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The use of antibodies in a study of the structure, function and distribution of glucose transport proteins

Davies, Anthony; (1990) The use of antibodies in a study of the structure, function and distribution of glucose transport proteins. Doctoral thesis (Ph.D), UCL (University College London). Green open access

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Antibodies were raised against synthetic peptides corresponding to most of the regions of the human erythrocyte glucose transporter predicted to be extramembranous in a model proposed by Mueckler et al. (1985) Science 229, 941-945 for the arrangement of the membrane-bound protein. The antibodies were used as probes to investigate the topology and to identify functionally important regions of this glucose transport protein. In addition, the antibodies were used in a study of the distribution of homologous glucose transporters in other tissues both of mammalian and non-mammalian origin. Of the 21 antibodies produced all but two recognized the denatured glucose transporter, whilst only 7 recognized the native, functionally-active glycoprotein, even after its extensive deglycosylation. Use of these 7 antibodies as structural probes demonstrated that a large, central hydrophilic region of the sequence (residues 217-272) and the C-terminal region (residues 450-492) were both exposed at the cytoplasmic face of the membrane. The anti-peptide antibodies were used to identify the sequence location of fragments of the protein produced by partial proteolytic digestion. This led to the identification of the exofacial site of glycosylation as being located in the N-terminal half of the protein, and the site of photolabelling by cytochalasin B as lying in the C- terminal half of the protein. The location of the sites of glycosylation and of the C-terminus of the protein were in agreement with the model of Mueckler et al. (1985), and disproved an alternative model proposed by Shanahan and D'Artel-Ellis (1984). Furthermore, identification of the sequence locations of proteolytic fragments of the protein enabled the epitopes of eight monoclonal antibodies against the transporter to be located. All proved to be within the central or C-terminal hydrophilic regions of the sequence, on the cytoplasmic surface of the membrane. Antibodies against the central hydrophilic region of the sequence, but not against the C-terminal region, were found to inhibit cytochalasin B binding to the protein. Furthermore, the binding of antibodies to the central region was affected by the presence of bound substrate. These findings suggested that the central region of the sequence is important for transporter function, and is involved in the conformational changes that accompany substrate binding. Proteins homologous to the human erythrocyte glucose transporter were found to be widely distributed in mammalian tissues. An apparently homologous transporter was even detected in the erythrocytes of the hagfish, the most primitive living vertebrate. The anti-peptide antibodies were also used to begin to probe the subcellular distribution of glucose transporters in mammalian tissues. Evidence was obtained that glucose transporters are present in the Golgi membranes of lactating rat mammary gland epithelial cells. They probably function here to transport glucose across the membranes to the intralumenal site of lactose synthesis. This finding is one of the first demonstrations that intracellular glucose transporters may be functionally important in some mammalian cells.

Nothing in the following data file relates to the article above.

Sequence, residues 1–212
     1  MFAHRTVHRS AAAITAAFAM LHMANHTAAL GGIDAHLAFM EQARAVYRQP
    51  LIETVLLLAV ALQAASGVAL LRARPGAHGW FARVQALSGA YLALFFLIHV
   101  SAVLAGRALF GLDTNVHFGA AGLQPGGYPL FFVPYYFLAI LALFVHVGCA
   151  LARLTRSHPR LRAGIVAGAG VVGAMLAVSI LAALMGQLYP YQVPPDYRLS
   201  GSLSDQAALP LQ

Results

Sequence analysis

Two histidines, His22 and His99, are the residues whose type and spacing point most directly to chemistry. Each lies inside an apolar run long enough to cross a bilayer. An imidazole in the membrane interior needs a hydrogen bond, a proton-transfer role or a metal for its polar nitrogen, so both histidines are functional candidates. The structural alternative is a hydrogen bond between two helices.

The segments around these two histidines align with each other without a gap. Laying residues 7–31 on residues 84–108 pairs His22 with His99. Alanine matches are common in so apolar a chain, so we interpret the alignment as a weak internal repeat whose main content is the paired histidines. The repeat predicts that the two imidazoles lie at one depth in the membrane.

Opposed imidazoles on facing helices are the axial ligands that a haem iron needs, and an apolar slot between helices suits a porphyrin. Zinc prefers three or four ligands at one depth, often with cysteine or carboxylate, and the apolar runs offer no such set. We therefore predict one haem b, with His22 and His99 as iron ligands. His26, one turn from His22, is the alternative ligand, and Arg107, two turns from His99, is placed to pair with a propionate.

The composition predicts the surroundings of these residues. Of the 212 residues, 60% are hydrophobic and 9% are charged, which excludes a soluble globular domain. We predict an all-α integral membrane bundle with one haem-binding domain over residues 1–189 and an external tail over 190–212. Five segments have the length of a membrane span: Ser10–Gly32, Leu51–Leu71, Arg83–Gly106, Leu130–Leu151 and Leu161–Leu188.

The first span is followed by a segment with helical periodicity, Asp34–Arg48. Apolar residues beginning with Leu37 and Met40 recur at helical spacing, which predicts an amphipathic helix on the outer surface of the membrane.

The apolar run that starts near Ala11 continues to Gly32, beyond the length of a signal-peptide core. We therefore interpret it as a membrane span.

Type: Thesis (Doctoral)
Qualification: Ph.D
Title: The use of antibodies in a study of the structure, function and distribution of glucose transport proteins
Open access status: An open access version is available from UCL Discovery
Language: English
Additional information: Thesis digitised by ProQuest.
Keywords: Pure sciences
URI: https://discovery.ucl.ac.uk/id/eprint/10120015
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